Over the last decade there have been significant decreases in the rates of new HIV infections, HIV-related deaths, and mother-to-child transmission (MTCT) in South Africa.
Using estimates from the Thembisa mathematical model of HIV in South Africa, a Spotlight report has produced the following seven graphs to explore some of these nuances. Thembisa is the official source for UNAIDS’s HIV estimates for South Africa.
HIV Incidence in Young Women and Girls (Aged 15 to 24) vs. Young Men and Boys (Aged 15 to 24)
This graph shows the incidence from 2008 to 2019 in young women and girls aged 15 to 24 (Red Line) compared to young men and boys in the same age group (Blue Line). It is clear from the graph that incidence in women and girls in this age group has constantly been higher than that in boys and young men.
HIV Incidence in Young Women and Girls (Aged 15 to 24) vs. Older Women (Aged 25 to 49)
A woman’s risk for acquiring a new HIV infection changes with age. The graph above shows the difference in incidence between young women and girls aged 15 to 24 (Red Line) and older women aged 25 to 49 (Purple Line) over the time period from 2008 to 2019.
Rates of Condom Use
This graph shows the percentage of condom use at last sexual encounter in young women and girls aged 15 to 24 (Red Line) and older women aged 25 to 49 (Purple Line)) from 2008 to 2019. Older women are clearly more likely than younger women to use condoms, but the percentage is levelling off.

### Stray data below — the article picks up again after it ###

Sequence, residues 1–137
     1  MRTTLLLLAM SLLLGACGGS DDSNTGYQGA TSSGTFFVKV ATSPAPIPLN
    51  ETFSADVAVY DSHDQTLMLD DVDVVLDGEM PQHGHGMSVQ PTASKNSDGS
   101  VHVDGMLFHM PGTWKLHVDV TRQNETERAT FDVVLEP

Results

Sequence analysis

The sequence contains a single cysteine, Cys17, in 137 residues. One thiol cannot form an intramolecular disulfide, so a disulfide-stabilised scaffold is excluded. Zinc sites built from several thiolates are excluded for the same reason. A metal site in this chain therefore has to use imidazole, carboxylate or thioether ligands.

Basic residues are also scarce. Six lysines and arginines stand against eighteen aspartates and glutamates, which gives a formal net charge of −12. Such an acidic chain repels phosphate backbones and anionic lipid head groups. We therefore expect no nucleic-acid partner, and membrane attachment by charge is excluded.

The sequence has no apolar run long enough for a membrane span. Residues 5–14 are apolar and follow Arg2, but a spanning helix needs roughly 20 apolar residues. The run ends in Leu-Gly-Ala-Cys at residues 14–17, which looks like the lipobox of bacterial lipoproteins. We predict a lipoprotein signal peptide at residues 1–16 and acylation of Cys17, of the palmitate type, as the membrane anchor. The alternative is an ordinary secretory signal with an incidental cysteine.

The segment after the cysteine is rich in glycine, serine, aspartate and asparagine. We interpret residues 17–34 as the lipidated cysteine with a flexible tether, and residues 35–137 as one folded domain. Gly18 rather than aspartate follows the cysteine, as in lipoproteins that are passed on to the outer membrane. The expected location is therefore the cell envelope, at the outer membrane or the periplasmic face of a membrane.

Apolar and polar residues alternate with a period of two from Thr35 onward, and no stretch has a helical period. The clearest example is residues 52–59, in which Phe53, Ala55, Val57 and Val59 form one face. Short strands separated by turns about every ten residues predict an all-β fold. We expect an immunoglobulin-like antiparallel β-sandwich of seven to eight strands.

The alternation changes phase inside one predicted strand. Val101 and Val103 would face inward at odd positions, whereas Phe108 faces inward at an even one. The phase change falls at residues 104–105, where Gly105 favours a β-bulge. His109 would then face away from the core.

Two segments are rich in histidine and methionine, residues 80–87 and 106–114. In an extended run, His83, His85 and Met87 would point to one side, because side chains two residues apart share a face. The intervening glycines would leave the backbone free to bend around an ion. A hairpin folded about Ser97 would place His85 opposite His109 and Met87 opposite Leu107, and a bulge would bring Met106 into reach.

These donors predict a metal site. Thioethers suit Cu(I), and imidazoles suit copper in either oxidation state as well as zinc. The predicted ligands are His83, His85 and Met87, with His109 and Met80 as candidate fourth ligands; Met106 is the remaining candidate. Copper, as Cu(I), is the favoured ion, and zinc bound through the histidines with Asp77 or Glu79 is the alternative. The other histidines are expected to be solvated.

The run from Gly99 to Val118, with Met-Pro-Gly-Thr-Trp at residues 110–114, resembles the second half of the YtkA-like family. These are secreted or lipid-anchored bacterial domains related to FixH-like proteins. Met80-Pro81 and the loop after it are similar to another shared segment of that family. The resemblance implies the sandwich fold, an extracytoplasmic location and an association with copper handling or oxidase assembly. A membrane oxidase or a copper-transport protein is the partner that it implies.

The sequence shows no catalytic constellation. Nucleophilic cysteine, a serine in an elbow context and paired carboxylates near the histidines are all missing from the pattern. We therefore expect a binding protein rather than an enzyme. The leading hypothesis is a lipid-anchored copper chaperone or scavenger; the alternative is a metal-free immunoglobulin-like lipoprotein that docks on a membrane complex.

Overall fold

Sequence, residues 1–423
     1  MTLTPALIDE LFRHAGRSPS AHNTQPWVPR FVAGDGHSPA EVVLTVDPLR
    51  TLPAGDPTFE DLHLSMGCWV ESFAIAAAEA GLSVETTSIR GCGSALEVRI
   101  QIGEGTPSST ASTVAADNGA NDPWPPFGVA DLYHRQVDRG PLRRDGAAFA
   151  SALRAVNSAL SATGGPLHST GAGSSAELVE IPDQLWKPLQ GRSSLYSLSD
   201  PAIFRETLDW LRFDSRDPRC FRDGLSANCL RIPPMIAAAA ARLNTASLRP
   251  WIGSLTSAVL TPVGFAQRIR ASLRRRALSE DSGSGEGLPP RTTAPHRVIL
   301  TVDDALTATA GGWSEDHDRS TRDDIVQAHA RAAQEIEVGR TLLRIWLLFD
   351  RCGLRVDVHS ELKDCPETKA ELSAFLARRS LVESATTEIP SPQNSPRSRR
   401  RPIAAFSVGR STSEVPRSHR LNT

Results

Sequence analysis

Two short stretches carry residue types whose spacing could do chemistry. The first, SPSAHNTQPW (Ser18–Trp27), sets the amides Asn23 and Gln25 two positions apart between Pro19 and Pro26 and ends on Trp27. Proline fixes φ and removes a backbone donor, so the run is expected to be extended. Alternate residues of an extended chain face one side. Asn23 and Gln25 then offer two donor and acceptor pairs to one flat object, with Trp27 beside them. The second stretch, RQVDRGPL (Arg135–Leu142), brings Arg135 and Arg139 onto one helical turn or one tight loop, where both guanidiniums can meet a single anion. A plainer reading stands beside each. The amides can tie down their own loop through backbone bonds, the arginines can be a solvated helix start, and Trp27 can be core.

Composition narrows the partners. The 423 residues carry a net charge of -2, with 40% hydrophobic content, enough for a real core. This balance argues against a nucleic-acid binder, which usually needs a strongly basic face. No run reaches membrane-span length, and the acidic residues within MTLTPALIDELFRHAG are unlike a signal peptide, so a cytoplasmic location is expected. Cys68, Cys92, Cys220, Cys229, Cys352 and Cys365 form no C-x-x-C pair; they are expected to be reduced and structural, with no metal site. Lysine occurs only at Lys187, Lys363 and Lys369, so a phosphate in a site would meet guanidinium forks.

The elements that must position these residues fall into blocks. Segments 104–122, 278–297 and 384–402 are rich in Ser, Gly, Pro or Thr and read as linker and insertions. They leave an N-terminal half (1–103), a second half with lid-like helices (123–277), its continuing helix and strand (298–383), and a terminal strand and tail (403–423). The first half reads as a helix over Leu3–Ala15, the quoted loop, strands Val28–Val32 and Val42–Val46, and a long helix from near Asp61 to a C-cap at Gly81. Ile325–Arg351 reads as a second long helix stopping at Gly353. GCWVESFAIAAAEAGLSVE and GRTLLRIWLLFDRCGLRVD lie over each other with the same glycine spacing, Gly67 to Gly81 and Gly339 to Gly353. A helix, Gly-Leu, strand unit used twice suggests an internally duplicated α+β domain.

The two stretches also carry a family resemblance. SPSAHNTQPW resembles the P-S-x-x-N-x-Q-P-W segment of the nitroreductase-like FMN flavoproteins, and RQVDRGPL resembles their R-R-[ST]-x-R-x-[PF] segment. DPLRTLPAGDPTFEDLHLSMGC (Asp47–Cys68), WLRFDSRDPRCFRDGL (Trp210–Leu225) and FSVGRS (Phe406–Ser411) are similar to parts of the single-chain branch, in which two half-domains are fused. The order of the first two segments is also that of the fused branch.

Getting Tested: Women vs. Men on Reaching the First UNAIDS 90-90-90 Target
The first UNAIDS 90-90-90 target states that by 2020 90% of people living with HIV should know their HIV status by receiving a positive HIV diagnosis. This graph shows that while here has been a steady increase in the percentage of people living with HIV who know their status, there has also been persistent differences between men and women – with men being less likely to get tested for HIV and the percentage of men living with HIV who know their status accordingly being lower than the percentage in women.
Diagnosed and on ART: Women vs. Men on Reaching the Second UNAIDS 90-90-90 Target
The second UNAIDS 90-90-90 target states that by 2020 90% of all individuals who have been diagnosed with HIV will be on sustained antiretroviral therapy (ART).
This graph shows the percentage of HIV-diagnosed men who are on ART (Blue Line) and women (Red Line) from 2008 to 2019. Both groups are well behind the UNAIDS target of 90% of HIV-positive individuals being on sustained ART and neither group, nor men and women combined will make the target by the end of 2020.
Reduction in MTCT Rates Over Time
The first graph above shows the overall mother-to-child transmission rate for the period from 2008 to 2019. It clearly shows the remarkable impact that the provision of ART to pregnant women living with HIV has had in reducing transmission. In 2018 there was an estimated MTCT rate of 4.06% in South Africa compared to 17.28% in 2008.
This second graph untangles the MTCT rate based on the timing of transmission to the child. The purple line shows MTCT at or before birth from an HIV-Diagnosed mother, whereas the pink line shows the Postnatal MTCT rate to 18 months from an HIV-diagnosed mother.
Children Living with HIV
This graph shows the change in absolute number of new HIV infections in children that are under the age of 15 from 2008 to 2019.Full Spotlight report